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India Must Look At Israel’s Point-Of-View

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Each time New Delhi’s relationship with West Asia is mentioned, there is a plaintive voice that argues India has long-standing and deep civilisational ties with countries such as Iran and with the Arab world. The relationship with Israel is described in more cynical terms, as pragmatic and transactional. The more conspiratorial among our public intellectuals link the growing engagement with Israel to the rise of allegedly right-wing tendencies in India’s polity.

This snapshot, while admittedly limited in its assessment, explains why Israel gets such a hostile reception among India’s self-appointed intelligentsia and most sections of its media. Criticism of the government’s alleged “betrayal” of the Palestinian cause – the word was used so often this past week – is couched in abstract references to history and shared cultures.
The Israel relationship is dismissed an inorganic.

How true is this? What exactly is a “civilisational relationship”? How recent or far back in history does it have to go to be certified as “legitimate” by self-appointed moral referees?

Yes, the Mahatma was sympathetic to the Palestinian/Arab claim on Jerusalem.

Nevertheless he was equally (if even more) sympathetic to Jews, even though his knowledge of the Holocaust was incomplete and his suggestions on how to deal with Hitler somewhat impractical.

Yes, India and Iran have met as friends as partners over the centuries, in the Mughal era, and well before that, in pre-Islamic Zoroastrian Iran. So much of our food and language has Persian touches to it. Yes, India and Iraq – or the Indus Valley and Sumer – constitute possibly the oldest international bilateral trade arrangement. Yes, thousands of years later, the mighty Cholas sent traders and ambassadors to the Abbasids, who ran one of Islam’s most illustrious empires from Baghdad.

All of this is true, but does it imply Hindus and Jews – Indians and Israelites – have no comparable history? To pick a random example, the account of the Roman historian Josephus would suggest otherwise. On the 15th of Xanthicus (roughly, April), AD 74, Josephus writes, Eleazer ben Yair, leader of a Jewish community besieged by invading Romans in their rock fortress of Masada, rose to address his people. He had a simple message: There would be no surrender. They would all have to die, kill each other, with the last man killing himself.

Eleazer’s listeners demurred. Sensing their fear, the charismatic leader rose again, to deliver a final exhortation. It was an evocation of the Hindu rite of passage, of seeing death in the flesh as just another milestone on the soul’s immortal journey. “Are we not,” Eleazer asked, “ashamed to have lower notions than the Indians? And by our own cowardice?” Later that day, 960 Jews killed themselves, the Romans captured a ghost town and Masada became a reference point for courage and resolve for all times to come.

It is humbling that perhaps the most iconic event in Israeli history was at least partly inspired by India. This proves nothing in the cold practice of diplomacy, but does negate that silly argument that Indian foreign policy should swerve towards those with whom there has been a civilisational relationship. In reality, depending on which time frame you choose, there has been an Indian civilisational relationship with virtually every major society in West Asia, including the Jews of Israel.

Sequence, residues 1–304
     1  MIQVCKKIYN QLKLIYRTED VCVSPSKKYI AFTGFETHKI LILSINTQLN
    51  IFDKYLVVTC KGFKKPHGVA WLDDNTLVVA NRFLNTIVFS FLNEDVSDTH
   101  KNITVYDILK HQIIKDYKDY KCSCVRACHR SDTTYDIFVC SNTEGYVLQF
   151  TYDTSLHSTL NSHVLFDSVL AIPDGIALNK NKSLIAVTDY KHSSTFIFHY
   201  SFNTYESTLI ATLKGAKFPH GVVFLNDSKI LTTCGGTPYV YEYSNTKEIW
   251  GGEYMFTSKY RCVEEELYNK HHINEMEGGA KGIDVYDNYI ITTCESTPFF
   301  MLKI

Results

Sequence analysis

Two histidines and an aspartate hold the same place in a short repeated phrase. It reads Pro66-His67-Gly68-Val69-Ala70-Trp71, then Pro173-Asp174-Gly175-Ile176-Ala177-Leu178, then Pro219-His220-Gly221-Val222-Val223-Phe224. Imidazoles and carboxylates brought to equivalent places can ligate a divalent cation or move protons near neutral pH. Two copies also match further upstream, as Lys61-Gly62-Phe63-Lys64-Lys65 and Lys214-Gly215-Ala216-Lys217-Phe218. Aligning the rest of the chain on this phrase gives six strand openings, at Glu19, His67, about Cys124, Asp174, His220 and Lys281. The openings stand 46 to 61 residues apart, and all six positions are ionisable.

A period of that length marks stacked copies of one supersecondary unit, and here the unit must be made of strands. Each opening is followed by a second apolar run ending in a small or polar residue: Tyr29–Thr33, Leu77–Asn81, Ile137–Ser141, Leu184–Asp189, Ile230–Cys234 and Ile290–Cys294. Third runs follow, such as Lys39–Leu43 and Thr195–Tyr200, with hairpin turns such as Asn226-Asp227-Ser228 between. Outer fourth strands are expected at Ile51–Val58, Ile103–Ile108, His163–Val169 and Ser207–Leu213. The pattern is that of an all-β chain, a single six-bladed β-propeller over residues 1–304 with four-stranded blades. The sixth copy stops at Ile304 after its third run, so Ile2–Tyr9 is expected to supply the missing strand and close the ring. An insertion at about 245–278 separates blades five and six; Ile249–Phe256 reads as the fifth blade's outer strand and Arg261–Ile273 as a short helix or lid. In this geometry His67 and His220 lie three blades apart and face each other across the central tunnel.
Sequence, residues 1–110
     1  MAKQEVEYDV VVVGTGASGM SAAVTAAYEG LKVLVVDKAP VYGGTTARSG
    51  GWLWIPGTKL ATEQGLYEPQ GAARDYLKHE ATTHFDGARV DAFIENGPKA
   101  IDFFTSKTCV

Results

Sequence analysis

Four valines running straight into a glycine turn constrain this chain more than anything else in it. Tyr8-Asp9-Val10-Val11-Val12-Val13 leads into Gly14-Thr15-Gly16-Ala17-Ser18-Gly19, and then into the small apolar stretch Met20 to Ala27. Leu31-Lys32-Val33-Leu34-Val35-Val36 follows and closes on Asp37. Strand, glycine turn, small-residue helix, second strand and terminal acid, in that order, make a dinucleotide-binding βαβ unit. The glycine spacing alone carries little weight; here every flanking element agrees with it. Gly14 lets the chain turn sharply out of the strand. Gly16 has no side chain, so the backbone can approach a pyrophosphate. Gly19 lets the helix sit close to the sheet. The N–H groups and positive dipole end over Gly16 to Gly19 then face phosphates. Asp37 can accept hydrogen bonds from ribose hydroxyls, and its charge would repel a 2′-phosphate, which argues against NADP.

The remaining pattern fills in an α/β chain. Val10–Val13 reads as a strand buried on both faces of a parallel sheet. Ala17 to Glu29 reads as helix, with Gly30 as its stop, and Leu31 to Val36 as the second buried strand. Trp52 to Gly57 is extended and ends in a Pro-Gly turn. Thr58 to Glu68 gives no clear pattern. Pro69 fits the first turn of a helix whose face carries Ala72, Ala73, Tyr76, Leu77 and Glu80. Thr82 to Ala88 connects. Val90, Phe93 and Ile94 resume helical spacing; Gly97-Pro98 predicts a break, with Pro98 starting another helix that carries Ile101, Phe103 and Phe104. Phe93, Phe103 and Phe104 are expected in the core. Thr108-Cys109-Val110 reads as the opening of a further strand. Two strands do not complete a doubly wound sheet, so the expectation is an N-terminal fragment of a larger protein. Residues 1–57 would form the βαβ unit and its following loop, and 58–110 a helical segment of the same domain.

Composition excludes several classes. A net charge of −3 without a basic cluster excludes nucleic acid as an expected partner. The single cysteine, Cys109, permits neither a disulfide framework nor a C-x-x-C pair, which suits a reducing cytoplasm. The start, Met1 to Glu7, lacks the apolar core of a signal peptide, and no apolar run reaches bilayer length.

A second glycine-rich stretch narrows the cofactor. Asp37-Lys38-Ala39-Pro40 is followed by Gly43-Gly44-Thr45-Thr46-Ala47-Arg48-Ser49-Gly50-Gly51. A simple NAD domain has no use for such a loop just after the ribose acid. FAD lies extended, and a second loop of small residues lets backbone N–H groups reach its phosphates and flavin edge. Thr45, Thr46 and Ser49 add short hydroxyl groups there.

Moving to more immediate concerns, how should India see current hostilities in Gaza? There are two aspects to ponder here. First, it is true that support for the Palestinian cause has declined in India since say the 1970s. Actually this is a worldwide phenomenon, made worse by the fact that the Palestinian leadership – or competing Palestinian leaderships – have not been able to take charge of any government or authority they have been given. Indeed, there is a degree of exasperation with Palestinian politics.

Once the Palestinian cause was a mainstream protest issue. Today, in the West, it has become confined to Muslim groups, supported by an anti-capitalist – and in some cases anti-Semitic – New Left. It is following a distressingly similar pattern in India. If you ignore the Hamas-Hezbollah fellow travellers in the media and opinion circles, there is a vast civil society backing for Israel that is unfortunately under-reported.

Second, in the narrow strip of Gaza, those who are taking on Israel – and those who triggered the ongoing violence by firing rockets, entirely unprovoked, into civilian territory – are not Palestinian peaceniks. They represent Hamas, a militant group that was given the opportunity to moderate when it was elected to office in the Palestinian Authority but blew the chance.

Hamas was born as an offshoot of the Muslim Brotherhood in Egypt. It is a wonder India was worried when the Brotherhood helped overthrow the Hosni Mubarak government in Cairo and came to power through a frontal organisation. It is a wonder India – or Indians – did not protest when the Egyptian army effected a coup against the Brotherhood government and went on an execution spree. When it comes to Israel and Hamas, entirely different standards are followed.